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Boy & the World

(2013) *** 1/2 Pg
80 min. GKIDS. Director: Alê Abreu. Cast: Vinicius Garcia, Marco Aurélio Campos, Lu Horta, Vinicius Garcia.

/content/films/4886/1.jpgIf you have precocious children starting to investigate the international and ask questions that broach the socioeconomic, Boy & the World is the picture to share with them. Nominated for Best Animated Feature at Sunday’s Academy Awards, this Brazilian film uses deceptively simple elements to paint a complex picture of globalization.

Written and directed by Alê Abreu, Boy & the World concerns a boy whose bucolic village life may not brim with plenty, but it’s plenty enough for him: play, wonder, and the love of family keep him happy. Trouble intrudes when rural life becomes unsustainable and the boy’s father feels compelled to depart for the big city and industrial work. The boy trails his father, on a journey of discovery about the modern world, where the natural has nearly been subsumed by the mechanical, begging the question “Is this what civilized means?”

Abreu’s handmade, abstracted aesthetic will help kids to see our complex world in an invitingly creative and intellectually digestible manner. The whirlwind “world tour” that makes up the eighty-minute film is nothing if not colorful, and kaleidoscopic in its opening up of brilliant color and of the troubling interaction between corporate “people” and flesh-and-bone people, between the environment and civilization. It’s a film for our tipping point, although it doesn’t hit that nail on the head like a typical American animated feature would.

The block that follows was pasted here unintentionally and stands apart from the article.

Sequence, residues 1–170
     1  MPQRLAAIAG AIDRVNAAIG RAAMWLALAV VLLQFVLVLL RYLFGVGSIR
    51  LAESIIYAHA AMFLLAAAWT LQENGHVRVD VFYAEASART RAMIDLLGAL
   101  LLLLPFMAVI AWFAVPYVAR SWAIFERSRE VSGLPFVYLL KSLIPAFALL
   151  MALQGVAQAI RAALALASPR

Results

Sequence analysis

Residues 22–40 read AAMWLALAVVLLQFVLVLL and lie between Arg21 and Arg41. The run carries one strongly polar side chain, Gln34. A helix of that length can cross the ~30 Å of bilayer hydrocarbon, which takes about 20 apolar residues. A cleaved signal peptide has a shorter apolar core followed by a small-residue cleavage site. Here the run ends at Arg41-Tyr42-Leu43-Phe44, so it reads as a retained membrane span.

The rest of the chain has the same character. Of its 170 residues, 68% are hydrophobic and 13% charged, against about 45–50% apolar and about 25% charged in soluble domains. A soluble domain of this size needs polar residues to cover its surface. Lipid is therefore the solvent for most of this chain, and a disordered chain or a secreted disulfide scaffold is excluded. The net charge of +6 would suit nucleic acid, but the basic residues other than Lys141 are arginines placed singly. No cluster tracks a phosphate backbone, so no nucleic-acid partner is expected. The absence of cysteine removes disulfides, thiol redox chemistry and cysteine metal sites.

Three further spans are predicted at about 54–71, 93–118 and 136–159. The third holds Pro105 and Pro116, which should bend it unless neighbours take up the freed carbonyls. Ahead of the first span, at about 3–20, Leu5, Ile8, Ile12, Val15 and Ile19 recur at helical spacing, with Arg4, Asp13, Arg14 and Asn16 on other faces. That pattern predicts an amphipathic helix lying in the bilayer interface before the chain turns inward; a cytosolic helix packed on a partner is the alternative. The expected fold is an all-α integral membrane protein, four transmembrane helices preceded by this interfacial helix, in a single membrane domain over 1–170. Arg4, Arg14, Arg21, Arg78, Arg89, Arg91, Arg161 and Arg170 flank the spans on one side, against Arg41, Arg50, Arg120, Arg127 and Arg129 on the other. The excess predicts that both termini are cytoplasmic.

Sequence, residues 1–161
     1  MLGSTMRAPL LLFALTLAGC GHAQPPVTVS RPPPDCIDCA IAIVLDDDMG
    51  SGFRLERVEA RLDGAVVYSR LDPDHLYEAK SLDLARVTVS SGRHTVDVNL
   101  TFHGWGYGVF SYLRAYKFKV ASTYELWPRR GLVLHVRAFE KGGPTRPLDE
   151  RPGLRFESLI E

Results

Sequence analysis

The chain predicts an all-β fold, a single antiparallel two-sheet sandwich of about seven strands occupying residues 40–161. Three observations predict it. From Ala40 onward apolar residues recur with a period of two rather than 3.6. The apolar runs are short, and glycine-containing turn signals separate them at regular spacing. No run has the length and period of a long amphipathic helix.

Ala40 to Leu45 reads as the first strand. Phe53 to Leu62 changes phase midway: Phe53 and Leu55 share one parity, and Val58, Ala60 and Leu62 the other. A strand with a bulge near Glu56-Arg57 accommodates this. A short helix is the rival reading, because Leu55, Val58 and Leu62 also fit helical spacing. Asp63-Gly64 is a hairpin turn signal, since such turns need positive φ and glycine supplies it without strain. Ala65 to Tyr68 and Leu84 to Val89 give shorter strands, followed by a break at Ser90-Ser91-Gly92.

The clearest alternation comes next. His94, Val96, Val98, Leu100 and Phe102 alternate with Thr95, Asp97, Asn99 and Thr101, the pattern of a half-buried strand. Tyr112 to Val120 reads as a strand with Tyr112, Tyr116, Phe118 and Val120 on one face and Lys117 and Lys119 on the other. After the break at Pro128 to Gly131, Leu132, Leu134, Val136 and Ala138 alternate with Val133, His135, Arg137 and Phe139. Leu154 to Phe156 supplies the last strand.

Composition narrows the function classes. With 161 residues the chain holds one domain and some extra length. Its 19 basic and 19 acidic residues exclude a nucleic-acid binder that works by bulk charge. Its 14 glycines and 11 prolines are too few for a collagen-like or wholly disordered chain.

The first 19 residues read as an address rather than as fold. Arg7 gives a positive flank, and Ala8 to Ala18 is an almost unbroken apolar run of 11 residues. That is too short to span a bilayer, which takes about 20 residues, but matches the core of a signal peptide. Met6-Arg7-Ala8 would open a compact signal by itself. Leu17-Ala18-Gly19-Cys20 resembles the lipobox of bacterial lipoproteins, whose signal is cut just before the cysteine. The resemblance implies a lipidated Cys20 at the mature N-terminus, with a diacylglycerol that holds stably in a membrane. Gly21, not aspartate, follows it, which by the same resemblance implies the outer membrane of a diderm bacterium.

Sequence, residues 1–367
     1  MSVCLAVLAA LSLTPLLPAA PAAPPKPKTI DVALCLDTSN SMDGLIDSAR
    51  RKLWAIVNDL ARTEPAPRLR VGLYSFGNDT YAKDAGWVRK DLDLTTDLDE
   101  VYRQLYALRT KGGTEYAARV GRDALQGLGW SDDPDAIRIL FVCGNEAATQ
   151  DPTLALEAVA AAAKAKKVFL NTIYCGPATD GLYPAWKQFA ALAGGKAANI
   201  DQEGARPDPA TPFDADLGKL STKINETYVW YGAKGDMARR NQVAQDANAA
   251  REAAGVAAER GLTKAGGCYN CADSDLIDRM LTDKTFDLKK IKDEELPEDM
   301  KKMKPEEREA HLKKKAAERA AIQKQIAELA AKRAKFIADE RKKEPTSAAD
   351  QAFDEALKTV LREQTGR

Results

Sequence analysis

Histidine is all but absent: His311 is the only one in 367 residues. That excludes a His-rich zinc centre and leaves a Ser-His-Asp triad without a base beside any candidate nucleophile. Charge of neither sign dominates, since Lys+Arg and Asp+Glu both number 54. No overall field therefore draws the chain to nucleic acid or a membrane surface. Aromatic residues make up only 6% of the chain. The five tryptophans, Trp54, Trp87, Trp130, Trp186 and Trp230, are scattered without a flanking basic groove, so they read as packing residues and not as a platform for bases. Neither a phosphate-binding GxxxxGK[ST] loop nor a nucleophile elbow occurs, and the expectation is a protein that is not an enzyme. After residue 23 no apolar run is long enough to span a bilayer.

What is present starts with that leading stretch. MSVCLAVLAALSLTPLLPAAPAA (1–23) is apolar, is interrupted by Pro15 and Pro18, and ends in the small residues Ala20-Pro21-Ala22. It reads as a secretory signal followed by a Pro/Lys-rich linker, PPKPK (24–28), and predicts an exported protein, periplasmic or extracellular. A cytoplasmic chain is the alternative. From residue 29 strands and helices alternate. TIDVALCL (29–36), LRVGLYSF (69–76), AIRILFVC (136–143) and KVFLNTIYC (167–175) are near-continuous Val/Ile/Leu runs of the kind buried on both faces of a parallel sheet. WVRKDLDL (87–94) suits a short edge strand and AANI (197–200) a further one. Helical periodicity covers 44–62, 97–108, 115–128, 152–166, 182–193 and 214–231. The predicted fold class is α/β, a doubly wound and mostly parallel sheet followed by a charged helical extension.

That’s partly due to Abreu’s tack of using played-backwards Portuguese instead of comprehensible dialogue, giving the film something of the quality of mime or silent film, in spite of a lively soundtrack crammed with dancing rhythms of samba and hip-hop, along with folksy pan flute (the score is by Ruben Feffer and Gustavo Kurlat). The emphasis on the effects of capitalism lives front and center in Boy & the World, but the picaresque is, at heart, a clean-lines tale of the mutual, inseparable love of a parent and child, its unconditional character tested and proven in sacrifice.

Sure, nothing can get in the way of that, but that doesn’t stop the world from trying, with its artificial borders and walls and designations social, economic, racial, and political. Taking a boy’s eye view of it all won’t just speak to kids on their level, but to their parents in an eye-opening reawakening of innocence. If, as Abreu suggests, growing up means acceding to socioeconomic injustice, or having to work so hard for family that the family pulls apart at the seams, maybe adults should be taking their lessons from children in learning to look at the world in a new way.

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